What is a Period?
Have you ever wondered how long you have to wait before the lunch bell rings or your next birthday arrives? This time is known as the ‘period’ in maths. We all have attended classes where there are separate periods for different subjects to be taught, right?
How do you think the whole day is divided into these periods? This is done by calculating the time that a teacher needs to dedicate to a class every day in order to teach a subject properly to the students. Let us learn more about periods in this article.
Definition of Period in Mathematics
In mathematics, the time interval or gap between two given points is known as a period. This period can be as little as a few microseconds. For instance, the time gap or period between today and tomorrow is one day. There can be variations in the amount or span of time that makes up a period.
In Physics and Maths, the period is generally calculated in terms of time or distance. However, in this article, we will concentrate on the time factor in calculating periods.
Examples of Time Periods
The following are a few examples of standard periods with respect to time. Learn the given examples thoroughly as these will help you throughout your life to count time periods for general cases.
Second - A second can be defined in maths or physics as the time taken by one caesium-133 atom to complete 9192631770 full oscillations (oscillation means the to and fro movement of an object within a given space). Events like track races, blinking of eyes, and so on are generally timed using seconds.
Minute - A minute is equal to 60 seconds. A minute is more time than a second, and this unit of the period is generally used in cases like short car rides, workouts, and so on.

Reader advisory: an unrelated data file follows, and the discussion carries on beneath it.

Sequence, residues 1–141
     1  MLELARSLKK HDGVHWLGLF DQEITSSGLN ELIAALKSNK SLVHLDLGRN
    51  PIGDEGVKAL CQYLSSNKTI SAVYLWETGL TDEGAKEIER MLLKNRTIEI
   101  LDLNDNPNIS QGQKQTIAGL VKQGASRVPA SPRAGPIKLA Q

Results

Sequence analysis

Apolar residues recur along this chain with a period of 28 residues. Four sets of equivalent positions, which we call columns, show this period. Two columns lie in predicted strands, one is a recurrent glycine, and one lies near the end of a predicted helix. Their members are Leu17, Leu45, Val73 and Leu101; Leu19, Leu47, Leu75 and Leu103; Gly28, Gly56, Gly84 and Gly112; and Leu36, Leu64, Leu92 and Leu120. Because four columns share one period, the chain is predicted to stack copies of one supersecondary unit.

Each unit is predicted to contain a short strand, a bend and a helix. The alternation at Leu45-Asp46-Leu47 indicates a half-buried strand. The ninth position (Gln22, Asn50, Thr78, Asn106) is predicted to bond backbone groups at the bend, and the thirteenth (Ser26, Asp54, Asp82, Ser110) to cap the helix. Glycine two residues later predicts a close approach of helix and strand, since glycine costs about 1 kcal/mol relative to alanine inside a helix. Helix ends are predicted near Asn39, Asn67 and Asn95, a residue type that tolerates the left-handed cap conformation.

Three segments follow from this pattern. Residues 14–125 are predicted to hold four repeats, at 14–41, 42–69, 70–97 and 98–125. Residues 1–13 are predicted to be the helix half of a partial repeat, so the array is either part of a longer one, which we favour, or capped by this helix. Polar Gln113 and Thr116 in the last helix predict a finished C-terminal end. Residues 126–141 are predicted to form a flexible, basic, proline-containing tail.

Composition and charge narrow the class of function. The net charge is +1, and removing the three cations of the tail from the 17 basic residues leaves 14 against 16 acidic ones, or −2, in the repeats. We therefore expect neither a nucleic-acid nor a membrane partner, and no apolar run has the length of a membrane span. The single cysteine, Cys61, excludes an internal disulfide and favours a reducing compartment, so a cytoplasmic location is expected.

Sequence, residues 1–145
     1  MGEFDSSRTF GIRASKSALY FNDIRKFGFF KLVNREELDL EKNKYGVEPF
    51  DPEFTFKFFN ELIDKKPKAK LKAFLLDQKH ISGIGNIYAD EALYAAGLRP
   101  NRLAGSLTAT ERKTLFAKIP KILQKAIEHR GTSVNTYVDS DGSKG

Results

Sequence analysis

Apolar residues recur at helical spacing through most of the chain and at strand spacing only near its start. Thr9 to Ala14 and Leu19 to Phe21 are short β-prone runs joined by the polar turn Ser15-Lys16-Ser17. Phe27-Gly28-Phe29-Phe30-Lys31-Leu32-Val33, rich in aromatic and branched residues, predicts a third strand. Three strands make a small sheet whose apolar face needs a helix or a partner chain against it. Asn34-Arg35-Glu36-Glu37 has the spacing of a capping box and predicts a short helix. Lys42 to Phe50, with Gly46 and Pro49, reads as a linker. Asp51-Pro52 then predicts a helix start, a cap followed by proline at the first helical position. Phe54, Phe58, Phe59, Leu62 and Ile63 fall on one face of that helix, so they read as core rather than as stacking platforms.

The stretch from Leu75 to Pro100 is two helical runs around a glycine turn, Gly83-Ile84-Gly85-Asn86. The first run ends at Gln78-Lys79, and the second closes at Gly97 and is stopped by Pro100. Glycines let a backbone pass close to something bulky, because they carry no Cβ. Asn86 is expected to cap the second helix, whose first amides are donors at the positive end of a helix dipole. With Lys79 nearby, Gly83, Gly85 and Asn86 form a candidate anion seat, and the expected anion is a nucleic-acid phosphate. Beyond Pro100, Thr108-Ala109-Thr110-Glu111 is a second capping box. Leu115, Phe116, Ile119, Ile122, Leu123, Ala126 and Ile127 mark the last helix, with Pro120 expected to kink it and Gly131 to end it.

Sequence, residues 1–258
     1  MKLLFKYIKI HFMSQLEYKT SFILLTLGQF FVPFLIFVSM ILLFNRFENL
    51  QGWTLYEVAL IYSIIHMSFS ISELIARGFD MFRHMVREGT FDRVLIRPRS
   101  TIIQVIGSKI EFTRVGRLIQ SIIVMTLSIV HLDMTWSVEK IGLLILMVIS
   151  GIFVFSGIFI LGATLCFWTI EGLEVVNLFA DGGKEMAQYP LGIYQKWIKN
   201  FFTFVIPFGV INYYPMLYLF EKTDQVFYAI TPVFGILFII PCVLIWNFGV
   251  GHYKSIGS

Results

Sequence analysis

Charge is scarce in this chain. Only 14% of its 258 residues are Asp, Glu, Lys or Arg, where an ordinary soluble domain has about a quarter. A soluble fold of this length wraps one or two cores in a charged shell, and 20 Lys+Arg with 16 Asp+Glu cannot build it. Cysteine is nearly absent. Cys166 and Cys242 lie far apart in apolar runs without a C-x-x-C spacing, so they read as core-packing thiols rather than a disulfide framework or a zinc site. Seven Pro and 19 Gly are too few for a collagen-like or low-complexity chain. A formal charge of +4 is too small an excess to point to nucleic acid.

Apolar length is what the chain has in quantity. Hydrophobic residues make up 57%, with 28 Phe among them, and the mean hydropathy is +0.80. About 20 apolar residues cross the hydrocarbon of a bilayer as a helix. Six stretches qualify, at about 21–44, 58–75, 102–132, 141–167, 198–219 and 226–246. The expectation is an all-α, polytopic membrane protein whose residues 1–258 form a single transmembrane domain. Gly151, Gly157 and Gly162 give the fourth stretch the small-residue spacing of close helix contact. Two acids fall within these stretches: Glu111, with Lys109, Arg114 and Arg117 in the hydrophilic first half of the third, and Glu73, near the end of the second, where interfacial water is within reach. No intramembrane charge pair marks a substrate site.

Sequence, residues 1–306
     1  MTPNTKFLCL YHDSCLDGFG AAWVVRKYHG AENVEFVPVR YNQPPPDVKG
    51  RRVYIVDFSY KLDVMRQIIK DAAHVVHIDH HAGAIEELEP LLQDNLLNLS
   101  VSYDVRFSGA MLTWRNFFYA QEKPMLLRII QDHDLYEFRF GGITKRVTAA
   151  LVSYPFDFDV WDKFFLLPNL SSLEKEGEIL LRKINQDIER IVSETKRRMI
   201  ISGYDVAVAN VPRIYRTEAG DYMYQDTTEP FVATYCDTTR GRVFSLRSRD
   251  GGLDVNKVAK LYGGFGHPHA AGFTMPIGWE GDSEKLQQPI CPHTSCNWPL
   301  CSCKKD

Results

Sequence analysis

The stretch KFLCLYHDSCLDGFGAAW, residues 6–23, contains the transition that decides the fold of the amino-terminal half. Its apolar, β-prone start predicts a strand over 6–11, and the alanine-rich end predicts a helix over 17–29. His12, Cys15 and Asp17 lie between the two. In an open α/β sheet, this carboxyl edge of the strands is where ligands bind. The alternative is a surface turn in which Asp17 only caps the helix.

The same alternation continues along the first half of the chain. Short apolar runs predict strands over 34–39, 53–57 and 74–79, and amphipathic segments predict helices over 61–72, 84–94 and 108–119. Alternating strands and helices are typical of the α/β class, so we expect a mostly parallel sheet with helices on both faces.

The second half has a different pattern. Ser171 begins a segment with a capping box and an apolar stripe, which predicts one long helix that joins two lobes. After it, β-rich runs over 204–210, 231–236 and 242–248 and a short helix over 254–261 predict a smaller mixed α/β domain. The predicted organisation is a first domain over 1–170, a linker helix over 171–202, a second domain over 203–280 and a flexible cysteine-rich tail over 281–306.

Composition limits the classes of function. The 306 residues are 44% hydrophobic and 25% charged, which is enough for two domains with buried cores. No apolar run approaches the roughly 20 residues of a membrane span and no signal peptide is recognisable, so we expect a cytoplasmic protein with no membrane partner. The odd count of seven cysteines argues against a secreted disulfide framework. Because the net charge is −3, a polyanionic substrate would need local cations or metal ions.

Hour - An hour is equal to 60 minutes. Hours are usually used to time longer periods, for instance, cricket matches, surgeries, and so on.
Day - A day comprises 24 hours. A day is usually the complete cycle of a person’s regular schedule. Starting from waking up in the morning, doing all the work, eating, resting, and so on, till the time a person wakes up again the next morning, is considered one day. The Earth completes one rotation around its axis in 1 day.
Month - A month has 30 days on average, while some months have 31 days. February has 28 days (in a leap year, which comes every four years, February has 29 days). Months are longer periods of time that are generally used for calculating salary, rent, subscriptions, and so on.
Year - A year consists of 12 months and it is a huge period of time where a lot can happen. Your birthday comes every year. The Earth completes one revolution around the Sun every year.
A period, in Maths, is generally measured in time and it is primarily known as the time taken to reach one point to another. Periods can even exceed years. For instance, a decade comprises 10 years and a century has 100 years in it.
The term period has a lot of different definitions, but in maths, the concept of the period is very important to deal with problems related to time. Hence, it is advisable that you learn this concept properly and try to memorise as many units and measures of standard periods as possible.